Two animals belong to the same kind if their genetic differences can be attributed to simple genetic recombination. If their genetic differences extend beyond what recombination alone is capable of doing, then we know that they are not of the same kind.
Congratulations: by this definition there is then only one "kind" -- life.
quote: I am arguing that natural selection played no substantial role in the origin or modification of any of these morphologies. I do not exclude the possibility that once the morphologies had been established, selection (including natural selection) may have determined which morphologies became extinct and which did not.
to be situating intrabaraminc differences at the detail that Gould gave to the “morphologies” in the Burgess Shale http://www.bryancore.org/bsg/opbsg/index.html number 6 . One has to notice that Gould had written this book Wonderful Life (Google Books) as a change from a cone of increasing diversity to a large morphological basis to start (the 90s) with (this does not incorporate what I can cognize between differences of cones and ladders). It appears to me that Wise is using a 90s version rather than a 70s one of form.
This would not seem to permit *any* kind of recombination (for whatever the phenotypes mean genetically) if by that one has had the idea that a point mutation change does not change-the information- (whatever the information is here) content of gene based on bits for interbaramin differences. Perhaps you could say further what you mean by recombination. Croizat (character)recombination is not genetic recombination even though one might think back to that. What is the semantic information value that divides inter and intra baraminic differenes??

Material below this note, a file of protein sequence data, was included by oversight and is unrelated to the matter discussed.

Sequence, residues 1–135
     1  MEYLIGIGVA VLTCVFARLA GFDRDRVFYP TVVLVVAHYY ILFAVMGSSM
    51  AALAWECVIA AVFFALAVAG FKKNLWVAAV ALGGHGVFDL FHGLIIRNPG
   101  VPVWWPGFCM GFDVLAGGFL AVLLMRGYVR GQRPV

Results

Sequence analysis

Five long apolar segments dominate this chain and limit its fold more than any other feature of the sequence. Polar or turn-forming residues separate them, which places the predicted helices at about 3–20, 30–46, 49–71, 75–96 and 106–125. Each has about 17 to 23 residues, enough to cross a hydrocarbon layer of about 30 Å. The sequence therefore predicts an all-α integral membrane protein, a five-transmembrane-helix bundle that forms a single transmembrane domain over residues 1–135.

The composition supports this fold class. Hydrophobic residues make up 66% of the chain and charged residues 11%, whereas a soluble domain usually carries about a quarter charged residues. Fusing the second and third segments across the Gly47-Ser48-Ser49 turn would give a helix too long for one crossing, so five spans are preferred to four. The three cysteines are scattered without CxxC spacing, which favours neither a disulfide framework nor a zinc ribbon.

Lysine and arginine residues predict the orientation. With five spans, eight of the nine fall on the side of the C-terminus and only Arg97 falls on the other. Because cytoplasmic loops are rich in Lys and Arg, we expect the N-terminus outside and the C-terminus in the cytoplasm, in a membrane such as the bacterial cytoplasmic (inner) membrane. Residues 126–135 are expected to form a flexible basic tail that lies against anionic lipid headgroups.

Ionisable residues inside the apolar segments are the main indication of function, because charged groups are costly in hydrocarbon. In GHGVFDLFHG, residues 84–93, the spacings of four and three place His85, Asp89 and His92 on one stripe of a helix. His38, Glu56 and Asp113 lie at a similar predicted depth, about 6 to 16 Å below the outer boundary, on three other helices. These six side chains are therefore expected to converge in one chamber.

If there are numbers of baramins or kinds as Equinox proposes to start this thread @ some kind of magnitude (and any extreme coincidence excluded) then bits could be a way to measure something about em…
quote: In fact, generalizing these observations to all organisms, natural selection acting on mutations is an unlikely mechanism for the origin of biological form throughout the young-age creation model (see Wood 2005, for examples in the Galápagos Islands). The intrabaraminic changes which are evidenced in the fossil record (e.g. for the horses: Cavanaugh, et al. 2003) – and suggested by interspecific hybridization – involve morphologies very, very far outside the range of variation observed in modern organisms (as the morphologies of modern organisms are outside the range of variation observed in the older fossil organisms). And, given the highly infrequent and usually detrimental nature of phenotypically expressed mutations, as well as the complex nature of many of these past morphological characters, it is unlikely that any of these morphologies arose by mutation. Finally, even if the morphology were to arise in one member of the population, natural selection fixes that morphology only by differential death. This incurs a death load on the population, making it impossible to fix such a trait very rapidly (Haldane’s dilemma). Especially in the light of the abbreviated time scale of the young-age creation model, Haldane’s dilemma makes it unlikely to impossible that natural selection is responsible for fixing much or most of the realized biological forms in earth history. It is more likely that the only substantial role natural selection plays is the elimination of deleterious mutations (i.e. minimizing mutation’s damage in a fallen world).
It is crucial how one ‘reads’ the word “outside” here. Is this ‘outside ‘ a 70s or 90s consciousness of fossil and forms?? Is this a bottom heavy or not?